Wednesday, 19 February 2020 15:41

Interest in standalone RPA waning, says Pegasystems exec

Pegasystems ANZ vice president Michael Evans Pegasystems ANZ vice president Michael Evans

Interest in standalone robotic process automation (RPA) has been waning over the last 12-18 months, according to Pegasystems ANZ vice president Michael Evans.

"Robotics is fantastic technology" especially for time-consuming tasks, he told iTWire, but RPA isn't as easy as it sounds. Issues include governance, keeping robots on track, scaling, security, and infrastructure requirements.

In Australia, 33% of RPA projects were not completed on time, and 40% of RPA users report that managing robots is more resource-intensive than they expected, Evans said.

RPA can deliver quick wins on simple tasks, but "robotics don't really fulfil an entire digital transformation agenda."

It is a point solution rather than a platform, and consequently has not delivered everything people hoped for.

This echoes the observation made last October by Pegasystems vice-president of digital automation and robotics Francis Carden that "RPA needs to be part of something else."

To achieve transformation, organisations have to determine what they want to achieve, and then identify the technology that can help to do that.

That's where technologies such as the Pega platform come in.

For example, if the goal is to process loan applications more quickly, all of the parts of that procedure must be examined. Pega's open architecture and low-code development system provides "welded in" robotics capability while being able to integrate with existing applications.

Solving complex business problems requires an agile approach, and may call for a variety of robots deployed in different ways to automate processes such as data capture and email automation.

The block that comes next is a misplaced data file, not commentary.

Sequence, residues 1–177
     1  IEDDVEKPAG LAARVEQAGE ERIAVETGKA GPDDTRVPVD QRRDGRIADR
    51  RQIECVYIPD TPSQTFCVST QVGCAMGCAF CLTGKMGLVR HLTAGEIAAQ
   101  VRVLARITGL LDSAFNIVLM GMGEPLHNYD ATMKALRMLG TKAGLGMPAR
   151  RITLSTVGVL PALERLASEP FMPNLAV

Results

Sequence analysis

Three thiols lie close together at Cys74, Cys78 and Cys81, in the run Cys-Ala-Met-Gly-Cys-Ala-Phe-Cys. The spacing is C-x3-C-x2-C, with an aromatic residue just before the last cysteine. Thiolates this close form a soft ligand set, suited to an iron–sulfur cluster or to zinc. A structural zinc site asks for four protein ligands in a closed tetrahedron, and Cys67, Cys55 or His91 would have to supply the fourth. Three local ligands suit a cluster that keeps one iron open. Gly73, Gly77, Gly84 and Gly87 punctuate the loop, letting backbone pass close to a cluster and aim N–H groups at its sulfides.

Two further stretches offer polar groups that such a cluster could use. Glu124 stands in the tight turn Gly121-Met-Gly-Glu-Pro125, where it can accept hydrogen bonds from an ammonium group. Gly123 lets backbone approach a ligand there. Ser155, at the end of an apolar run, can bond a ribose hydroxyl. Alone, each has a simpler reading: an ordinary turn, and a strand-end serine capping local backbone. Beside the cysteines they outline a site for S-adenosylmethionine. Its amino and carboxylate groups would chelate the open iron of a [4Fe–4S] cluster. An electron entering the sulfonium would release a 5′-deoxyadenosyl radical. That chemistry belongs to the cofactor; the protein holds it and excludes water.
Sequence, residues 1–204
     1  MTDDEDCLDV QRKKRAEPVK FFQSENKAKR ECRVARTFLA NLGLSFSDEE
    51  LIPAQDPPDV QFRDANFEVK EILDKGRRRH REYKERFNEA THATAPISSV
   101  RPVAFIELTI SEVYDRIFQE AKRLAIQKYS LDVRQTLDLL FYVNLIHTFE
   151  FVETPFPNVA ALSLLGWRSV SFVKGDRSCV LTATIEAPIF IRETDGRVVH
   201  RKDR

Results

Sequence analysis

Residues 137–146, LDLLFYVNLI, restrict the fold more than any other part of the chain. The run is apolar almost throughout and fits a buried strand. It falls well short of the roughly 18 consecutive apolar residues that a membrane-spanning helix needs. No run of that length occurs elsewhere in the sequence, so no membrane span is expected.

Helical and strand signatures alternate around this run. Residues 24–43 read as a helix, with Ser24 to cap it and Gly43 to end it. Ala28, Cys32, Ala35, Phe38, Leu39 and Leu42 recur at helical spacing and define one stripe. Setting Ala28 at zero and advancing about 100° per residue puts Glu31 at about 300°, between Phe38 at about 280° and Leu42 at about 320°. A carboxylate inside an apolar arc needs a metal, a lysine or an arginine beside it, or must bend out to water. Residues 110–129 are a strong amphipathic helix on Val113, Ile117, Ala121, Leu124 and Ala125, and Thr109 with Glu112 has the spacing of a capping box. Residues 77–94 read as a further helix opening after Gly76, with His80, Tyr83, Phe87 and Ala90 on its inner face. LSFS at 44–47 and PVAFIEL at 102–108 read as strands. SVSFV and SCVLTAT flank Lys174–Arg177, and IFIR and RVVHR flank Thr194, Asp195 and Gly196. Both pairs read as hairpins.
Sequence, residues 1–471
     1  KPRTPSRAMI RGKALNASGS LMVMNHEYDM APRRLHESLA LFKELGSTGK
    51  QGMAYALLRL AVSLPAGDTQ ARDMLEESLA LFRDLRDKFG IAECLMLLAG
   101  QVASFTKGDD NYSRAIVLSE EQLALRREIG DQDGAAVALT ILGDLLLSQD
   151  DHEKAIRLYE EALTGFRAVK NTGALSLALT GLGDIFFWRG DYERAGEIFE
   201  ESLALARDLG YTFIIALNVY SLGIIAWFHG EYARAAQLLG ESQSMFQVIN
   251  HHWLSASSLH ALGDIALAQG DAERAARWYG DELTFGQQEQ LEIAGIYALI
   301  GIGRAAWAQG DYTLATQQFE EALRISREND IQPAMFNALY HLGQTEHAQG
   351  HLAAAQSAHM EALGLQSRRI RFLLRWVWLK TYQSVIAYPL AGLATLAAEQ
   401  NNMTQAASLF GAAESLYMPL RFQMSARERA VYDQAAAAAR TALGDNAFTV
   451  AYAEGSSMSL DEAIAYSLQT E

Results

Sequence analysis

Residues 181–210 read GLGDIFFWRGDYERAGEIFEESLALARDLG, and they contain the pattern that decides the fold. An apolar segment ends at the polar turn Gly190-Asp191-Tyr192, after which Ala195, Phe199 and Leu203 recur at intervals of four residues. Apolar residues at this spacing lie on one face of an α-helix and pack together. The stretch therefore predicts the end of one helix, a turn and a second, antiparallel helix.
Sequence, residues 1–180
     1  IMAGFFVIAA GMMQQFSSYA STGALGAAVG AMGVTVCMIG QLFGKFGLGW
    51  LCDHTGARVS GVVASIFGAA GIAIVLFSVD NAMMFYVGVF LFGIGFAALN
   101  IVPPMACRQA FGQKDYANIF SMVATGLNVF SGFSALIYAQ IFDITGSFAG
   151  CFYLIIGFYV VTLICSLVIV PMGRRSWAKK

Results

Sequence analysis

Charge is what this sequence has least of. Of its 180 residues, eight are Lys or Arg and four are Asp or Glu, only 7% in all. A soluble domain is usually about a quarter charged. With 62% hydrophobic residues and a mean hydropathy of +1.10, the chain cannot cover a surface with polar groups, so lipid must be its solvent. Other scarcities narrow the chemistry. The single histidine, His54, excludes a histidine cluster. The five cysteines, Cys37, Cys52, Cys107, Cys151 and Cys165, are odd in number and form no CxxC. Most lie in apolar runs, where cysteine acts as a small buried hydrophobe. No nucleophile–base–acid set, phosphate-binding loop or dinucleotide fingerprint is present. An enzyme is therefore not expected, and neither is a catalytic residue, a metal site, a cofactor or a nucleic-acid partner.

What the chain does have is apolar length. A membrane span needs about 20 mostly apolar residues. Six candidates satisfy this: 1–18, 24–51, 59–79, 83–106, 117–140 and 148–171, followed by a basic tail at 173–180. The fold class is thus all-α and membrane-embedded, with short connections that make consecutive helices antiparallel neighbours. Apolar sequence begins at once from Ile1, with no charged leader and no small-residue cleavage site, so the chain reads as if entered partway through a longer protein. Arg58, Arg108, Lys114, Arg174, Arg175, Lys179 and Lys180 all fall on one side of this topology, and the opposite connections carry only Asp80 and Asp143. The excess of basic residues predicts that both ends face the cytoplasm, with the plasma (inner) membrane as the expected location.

So organisations are rethinking their projects, looking more deeply at what they are trying to achieve, and hence at Pega and other products.

National Australia Bank is "one of the shining lights," Evans said. NAB uses Pega as part of a transformation aimed at making things simpler and faster for customers. In particular, it helps to determine how efficiently work is being performed, to optimise the workforce through RPA, and automatically create, route and allocate cases from any channel to the teams that will do the work.

More generally, he said, "robots are important" but the focus should be first on the desired outcomes and only then on the technologies and products that will help achieve them.

Where it is suitable, Pega's combination of integration, orchestration and robots in a single platform provides faster time to value, Evans told iTWire.

Disclosure: The writer holds NAB shares.

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Stephen Withers

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Stephen Withers is one of Australia¹s most experienced IT journalists, having begun his career in the days of 8-bit 'microcomputers'. He covers the gamut from gadgets to enterprise systems. In previous lives he has been an academic, a systems programmer, an IT support manager, and an online services manager. Stephen holds an honours degree in Management Sciences and a PhD in Industrial and Business Studies.

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